Voice/Vision Holocaust Survivor Oral History Archive

Irene Sobel - September 8, 1998

Returning to Warsaw After the War

That would be interesting to know. The Jewish neighborhood--you lived in a Jewish neighborhood...


...even though there were some non-Jews. Did this become the area where the ghetto eventually...

Yes, yes.


The only visit--I went to Poland after, the only time I went back to Poland after I left it in uh, 1950 was about uh, seven years ago. Uh, I went with a group of individuals from the medical field to really observe and get to know the medical systems in Poland, Czechoslovakia and Hungary. So I was not alone when I went to Warsaw, I was with a group of people. And it was a mistake to go back there because I needed to be alone. It was an enormously powerful experience. Whatever neighborhood I knew and remembered, they were all gone. Everything was leveled and everything was destroyed. Strangely, I was in Warsaw after the war. I was a delegate from the Jewish Youth Organization to come to Warsaw where--I lived then in Krakow--for the unveiling of the memorial to the Jewish uh, fallen heroes. Somehow is it, I am sure the stage of life that I was at, I was maybe fifteen years old or whatever, I don't recall being so emotionally overpowered as I was coming back now as an adult from the perspective of my years and understanding. Then to me it was--I can't even tell you, it was a sadness, it was a big event, it was a kind of a recognition, but the impact of all that didn't hit me as it hit me when I returned. Uh...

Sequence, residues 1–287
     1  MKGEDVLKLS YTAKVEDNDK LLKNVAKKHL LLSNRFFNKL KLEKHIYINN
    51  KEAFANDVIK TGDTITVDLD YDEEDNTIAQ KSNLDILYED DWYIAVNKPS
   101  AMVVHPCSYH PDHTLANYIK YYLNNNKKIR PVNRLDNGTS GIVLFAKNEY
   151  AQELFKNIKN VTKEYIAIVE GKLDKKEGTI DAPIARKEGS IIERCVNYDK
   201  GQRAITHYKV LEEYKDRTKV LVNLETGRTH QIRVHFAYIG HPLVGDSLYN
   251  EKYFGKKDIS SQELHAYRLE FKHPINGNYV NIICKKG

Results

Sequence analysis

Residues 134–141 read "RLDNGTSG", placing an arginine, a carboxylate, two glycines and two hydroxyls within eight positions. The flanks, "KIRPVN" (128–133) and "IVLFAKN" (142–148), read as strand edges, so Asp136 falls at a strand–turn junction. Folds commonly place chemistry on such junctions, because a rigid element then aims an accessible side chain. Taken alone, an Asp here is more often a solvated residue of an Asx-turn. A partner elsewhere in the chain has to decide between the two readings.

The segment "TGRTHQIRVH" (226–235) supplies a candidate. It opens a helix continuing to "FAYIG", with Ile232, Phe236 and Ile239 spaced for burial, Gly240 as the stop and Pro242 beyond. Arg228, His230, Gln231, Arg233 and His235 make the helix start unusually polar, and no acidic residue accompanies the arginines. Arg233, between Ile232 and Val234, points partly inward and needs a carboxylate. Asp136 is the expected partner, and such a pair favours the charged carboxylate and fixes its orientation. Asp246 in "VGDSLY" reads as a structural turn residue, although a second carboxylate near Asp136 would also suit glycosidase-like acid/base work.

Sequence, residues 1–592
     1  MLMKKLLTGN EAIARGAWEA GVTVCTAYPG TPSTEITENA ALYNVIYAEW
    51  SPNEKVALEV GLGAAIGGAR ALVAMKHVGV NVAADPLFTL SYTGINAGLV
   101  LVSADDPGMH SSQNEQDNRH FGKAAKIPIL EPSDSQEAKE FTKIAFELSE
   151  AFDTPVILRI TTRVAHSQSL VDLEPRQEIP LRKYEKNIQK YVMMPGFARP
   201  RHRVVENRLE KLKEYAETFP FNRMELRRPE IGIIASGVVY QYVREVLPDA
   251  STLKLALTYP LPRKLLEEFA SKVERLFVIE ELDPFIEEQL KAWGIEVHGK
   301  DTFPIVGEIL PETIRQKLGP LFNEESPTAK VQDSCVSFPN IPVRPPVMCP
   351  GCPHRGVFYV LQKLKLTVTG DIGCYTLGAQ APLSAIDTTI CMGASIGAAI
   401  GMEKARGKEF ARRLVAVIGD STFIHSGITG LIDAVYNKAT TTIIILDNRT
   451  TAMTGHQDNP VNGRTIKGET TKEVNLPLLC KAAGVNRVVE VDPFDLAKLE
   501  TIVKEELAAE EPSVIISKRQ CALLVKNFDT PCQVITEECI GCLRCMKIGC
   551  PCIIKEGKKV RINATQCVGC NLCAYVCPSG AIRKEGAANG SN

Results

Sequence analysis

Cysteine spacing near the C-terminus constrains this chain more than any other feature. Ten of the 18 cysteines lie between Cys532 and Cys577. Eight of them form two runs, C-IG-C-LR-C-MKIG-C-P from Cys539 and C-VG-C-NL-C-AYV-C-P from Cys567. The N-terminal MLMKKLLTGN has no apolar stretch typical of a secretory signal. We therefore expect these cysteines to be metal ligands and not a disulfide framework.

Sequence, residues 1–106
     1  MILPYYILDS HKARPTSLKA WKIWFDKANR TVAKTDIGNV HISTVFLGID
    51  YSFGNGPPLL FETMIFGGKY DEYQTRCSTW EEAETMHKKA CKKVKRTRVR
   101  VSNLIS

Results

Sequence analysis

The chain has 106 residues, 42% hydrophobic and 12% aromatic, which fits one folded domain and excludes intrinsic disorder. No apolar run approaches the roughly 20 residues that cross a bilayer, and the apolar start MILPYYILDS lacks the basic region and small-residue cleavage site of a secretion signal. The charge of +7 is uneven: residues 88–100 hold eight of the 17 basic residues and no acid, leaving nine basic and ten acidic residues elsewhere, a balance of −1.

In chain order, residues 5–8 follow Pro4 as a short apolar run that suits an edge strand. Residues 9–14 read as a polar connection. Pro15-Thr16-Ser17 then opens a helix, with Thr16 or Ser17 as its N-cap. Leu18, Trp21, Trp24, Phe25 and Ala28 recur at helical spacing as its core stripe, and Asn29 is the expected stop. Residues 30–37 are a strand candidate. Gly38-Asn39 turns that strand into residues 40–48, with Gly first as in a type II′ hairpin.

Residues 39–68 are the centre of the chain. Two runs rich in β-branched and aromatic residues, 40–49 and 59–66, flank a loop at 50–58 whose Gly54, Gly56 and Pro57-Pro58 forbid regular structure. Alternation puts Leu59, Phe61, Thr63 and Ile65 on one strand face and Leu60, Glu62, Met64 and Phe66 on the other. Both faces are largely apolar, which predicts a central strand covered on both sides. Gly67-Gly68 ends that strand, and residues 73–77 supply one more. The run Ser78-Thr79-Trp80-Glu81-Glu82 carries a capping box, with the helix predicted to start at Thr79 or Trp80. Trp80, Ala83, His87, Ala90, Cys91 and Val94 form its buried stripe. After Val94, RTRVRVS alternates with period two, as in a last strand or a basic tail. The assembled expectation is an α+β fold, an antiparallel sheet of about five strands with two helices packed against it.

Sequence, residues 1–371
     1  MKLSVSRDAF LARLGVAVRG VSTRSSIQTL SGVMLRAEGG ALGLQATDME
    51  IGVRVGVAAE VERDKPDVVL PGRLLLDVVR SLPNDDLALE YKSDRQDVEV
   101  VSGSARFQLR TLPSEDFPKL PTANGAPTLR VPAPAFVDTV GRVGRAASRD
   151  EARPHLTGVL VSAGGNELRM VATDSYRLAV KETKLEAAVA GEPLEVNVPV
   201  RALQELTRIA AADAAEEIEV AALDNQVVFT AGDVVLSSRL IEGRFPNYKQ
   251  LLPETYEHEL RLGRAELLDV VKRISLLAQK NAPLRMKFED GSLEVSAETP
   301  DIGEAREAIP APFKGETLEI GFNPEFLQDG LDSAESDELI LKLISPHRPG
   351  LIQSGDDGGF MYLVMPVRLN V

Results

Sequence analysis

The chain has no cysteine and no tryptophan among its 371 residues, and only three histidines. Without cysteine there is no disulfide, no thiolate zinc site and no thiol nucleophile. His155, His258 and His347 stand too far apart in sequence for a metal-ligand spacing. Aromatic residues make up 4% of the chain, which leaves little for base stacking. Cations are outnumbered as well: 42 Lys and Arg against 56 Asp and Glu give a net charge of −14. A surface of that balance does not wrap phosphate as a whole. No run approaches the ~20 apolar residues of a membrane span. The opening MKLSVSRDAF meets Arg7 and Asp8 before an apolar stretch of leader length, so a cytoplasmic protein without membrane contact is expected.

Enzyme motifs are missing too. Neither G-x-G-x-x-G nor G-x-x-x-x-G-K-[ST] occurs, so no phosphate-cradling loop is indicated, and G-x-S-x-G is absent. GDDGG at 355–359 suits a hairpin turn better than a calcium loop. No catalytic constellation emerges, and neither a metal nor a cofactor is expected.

What year had you returned after the war, right after the war?

Right after the war I lived in Krakow, I lived in Krakow five years. The war ended in '45 and I came, I was uh, lived in a orphanage during the, for a few years in the former Soviet Union, and came with the orphanage to Krakow.

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